Surveillance technology has advanced considerably since Foucault’s Discipline and Punish came out in 1975. But his predictions have largely come to pass. One of the most extreme examples of the chilling effect of feeling constantly monitored is it’s effect on Chinese citizens. In the words of security expert Bruce Schneier:

“The fact that you won’t do things, that you will self-censor, are the worst effects of pervasive surveillance… Governments, of course, know this. China bases its surveillance on this fact. It wants people to self-censor, because it knows it can’t stop everybody. The idea is that if you don’t know where the line is, and the penalty for crossing it is severe, you will stay far away from it. [It’s] basic human conditioning.”(2.)

The U.K. has also adopted extensive, mass surveillance as part of its law and order policy. Between state and private monitors, there is one CCTV camera for every 32 people in the U.K. (4.). This far exceeds Bentham’s dream of organizing institutions as panopticons.

The American model is a little different, in that the watchers want the incredible power associated with seeing and not being seen, but they go even further. They didn’t want their citizens to be aware of the extent to which they are being spied upon. In 2013, Edward Snowden, the NSA (National Security Agency) whistleblower revealed that the U.S. government was illegally collecting vast amounts of information on its own citizens. The government has labelled Snowden a criminal for letting people know about the government’s own criminal acts.

While governments and private companies often sight security and protection as their reason to spy on their citizens and customers, it is little more than an excuse. The incredible amount of power and money involved are reason enough. Social Media sites collect data, not to protect users, but to sell the information to actors who use it against users. In order to get to be part of modern society, people have to share their data with these companies. After 9/11, the American government increased its surveillance of its own people to a shocking degree, and not just against suspected bad actors.

As Beens states, in his article The State of Mass Surveillance, when “it became clear the information represented huge political and economic power, it led to ‘function creep’ (when information is used for a purpose beyond the original specified one) because the lure of continuing or extending the surveillance was too strong to rein it in“(3).

There is a common belief that widespread monitoring of citizens not only catches criminals but acts as a deterrent, preventing people from commit crime in the first place. The argument goes that the erosion of personal privacy is worth the price, because it makes people safer.

To some extent this seems to be true. Studies show that even posters of eyes staring gets people to clean up after themselves and decrease littering (5). If being observed acts as a deterrent, and keeps people safe, why then, would the American government try to hide their mass surveillance from its people?

I believe that it is because people know that they are only safer when they are being monitored by a benevolent and caring observer. And a government with the highest incarceration rate in the world, who spies on their own people as though they are the enemy is not good or trustworthy.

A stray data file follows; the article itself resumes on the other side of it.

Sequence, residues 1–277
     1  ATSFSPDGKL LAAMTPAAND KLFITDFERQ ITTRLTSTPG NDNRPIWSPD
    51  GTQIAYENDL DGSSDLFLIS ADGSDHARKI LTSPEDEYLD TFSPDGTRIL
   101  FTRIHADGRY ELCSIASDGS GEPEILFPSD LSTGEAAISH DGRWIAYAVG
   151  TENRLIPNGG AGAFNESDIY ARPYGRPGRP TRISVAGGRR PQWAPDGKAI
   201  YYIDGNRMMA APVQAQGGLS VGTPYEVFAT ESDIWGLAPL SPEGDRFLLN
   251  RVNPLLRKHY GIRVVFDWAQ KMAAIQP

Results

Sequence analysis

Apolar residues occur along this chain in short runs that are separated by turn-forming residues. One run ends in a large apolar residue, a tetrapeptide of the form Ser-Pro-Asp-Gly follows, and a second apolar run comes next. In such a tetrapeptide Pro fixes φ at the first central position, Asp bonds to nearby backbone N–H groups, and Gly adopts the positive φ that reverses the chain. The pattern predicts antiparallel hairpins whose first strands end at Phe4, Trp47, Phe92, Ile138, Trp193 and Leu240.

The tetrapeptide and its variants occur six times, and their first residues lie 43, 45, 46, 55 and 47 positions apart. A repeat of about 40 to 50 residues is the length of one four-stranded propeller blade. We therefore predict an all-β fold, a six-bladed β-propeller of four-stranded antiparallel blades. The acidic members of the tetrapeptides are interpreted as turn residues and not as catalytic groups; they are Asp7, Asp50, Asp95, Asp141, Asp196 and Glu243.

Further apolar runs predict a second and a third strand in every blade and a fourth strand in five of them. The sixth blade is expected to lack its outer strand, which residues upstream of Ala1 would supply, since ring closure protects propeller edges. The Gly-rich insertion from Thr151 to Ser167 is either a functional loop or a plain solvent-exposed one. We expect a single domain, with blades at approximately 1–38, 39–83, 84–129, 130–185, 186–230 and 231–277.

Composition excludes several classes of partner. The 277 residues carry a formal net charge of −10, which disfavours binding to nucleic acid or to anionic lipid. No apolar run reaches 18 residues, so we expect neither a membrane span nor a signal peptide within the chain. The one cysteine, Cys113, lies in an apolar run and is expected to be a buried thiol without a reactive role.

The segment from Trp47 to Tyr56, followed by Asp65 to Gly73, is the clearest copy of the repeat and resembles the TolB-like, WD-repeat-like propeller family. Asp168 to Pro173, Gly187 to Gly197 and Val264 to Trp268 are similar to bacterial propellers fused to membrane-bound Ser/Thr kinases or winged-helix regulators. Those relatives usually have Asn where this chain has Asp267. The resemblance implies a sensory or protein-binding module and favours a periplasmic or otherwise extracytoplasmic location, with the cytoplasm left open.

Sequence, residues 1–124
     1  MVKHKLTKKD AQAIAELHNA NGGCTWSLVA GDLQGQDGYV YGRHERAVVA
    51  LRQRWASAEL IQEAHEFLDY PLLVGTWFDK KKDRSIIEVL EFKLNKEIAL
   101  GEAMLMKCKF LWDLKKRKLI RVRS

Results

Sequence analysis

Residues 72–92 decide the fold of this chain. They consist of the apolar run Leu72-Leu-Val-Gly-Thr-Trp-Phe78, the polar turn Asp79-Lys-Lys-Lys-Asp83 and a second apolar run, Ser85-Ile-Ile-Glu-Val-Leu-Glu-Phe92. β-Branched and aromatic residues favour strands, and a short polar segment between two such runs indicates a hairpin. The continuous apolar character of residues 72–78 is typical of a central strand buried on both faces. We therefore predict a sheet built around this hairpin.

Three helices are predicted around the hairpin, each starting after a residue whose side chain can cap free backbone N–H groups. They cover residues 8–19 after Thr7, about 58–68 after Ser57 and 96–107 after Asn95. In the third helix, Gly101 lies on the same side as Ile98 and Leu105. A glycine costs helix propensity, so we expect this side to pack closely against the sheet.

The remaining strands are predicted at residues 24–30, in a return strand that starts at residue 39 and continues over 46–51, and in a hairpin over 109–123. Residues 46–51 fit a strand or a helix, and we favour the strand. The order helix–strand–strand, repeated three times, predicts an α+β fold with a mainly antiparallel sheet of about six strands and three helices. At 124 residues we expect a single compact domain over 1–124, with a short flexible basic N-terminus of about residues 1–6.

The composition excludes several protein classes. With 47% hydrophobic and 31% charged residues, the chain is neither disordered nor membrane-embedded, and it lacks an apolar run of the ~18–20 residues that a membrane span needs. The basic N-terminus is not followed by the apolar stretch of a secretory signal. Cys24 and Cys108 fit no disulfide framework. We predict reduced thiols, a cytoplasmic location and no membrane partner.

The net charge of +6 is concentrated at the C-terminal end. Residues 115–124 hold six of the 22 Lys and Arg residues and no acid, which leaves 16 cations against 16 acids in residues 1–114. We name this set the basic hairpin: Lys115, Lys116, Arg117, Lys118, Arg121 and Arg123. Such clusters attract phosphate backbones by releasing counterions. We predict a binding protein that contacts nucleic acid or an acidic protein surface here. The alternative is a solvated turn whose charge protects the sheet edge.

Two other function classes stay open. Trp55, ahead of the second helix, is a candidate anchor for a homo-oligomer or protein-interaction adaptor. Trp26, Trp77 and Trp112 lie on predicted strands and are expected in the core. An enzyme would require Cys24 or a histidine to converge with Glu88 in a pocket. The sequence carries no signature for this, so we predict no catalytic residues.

People are indifferent to living in a world that increasingly resembles a panopticon at their own peril. There is profound chilling effect that feeling observed has on people’s sense of creativity, happiness and freedom, and this effect is doubled when the observer is thought to be threat. The expression goes “dance as though no one is watching”. How can anyone dance this way anymore? And allowing governments and private organizations this incredible level of surveillance is dangerous. When corporations are designing systems that can addict and control people without their awareness, why do we allow them the data they need to build these systems? And when governments already spy on and treat their own people as criminals, you need to ask yourself who we actually need protection from.

Comprehension Questions

1.) Why do there only need to a few guards in the tower, “or none at all”, in Betham’s design?
2.) Compare how China, the U.K., and the U.S. governments use surveillance differently, according to the article.
3.) How has the idea of mass surveillance changed since Bentham came up with the concept of the panopticon?

Causative Verbs
Learn about causative verbs.
Look at the words that are underlined in the essay. What do they mean in context?

Passive Voice
A lot of the sentences in the essay are in Passive Voice. Can you identify them, and make them active?
Review the Passive Voice.

Footnotes and References

(1.) Alex Boreham, Panopticon – 1791 – Jeremy Benthan
(2.) Johnathan Shaw, The Watchers, Assaults on Privacy in America, Harvard Magazine
(3.) Robert Beens, The State of Mass Surveillance, Forbes Magazine
(4.) How the Illusion of Being Watched Can Make You a Better Person, Scientific American
(5.) The Guardian, You’re Being Watched

Further Reading

Computerized model – An animation
The Architecture of Surveillance – Photos of a panopticon
The Works of Jeremy Bentham – Read or download the original writings
Surveillance and Foucault – An essay
Surveillance Studies – An essay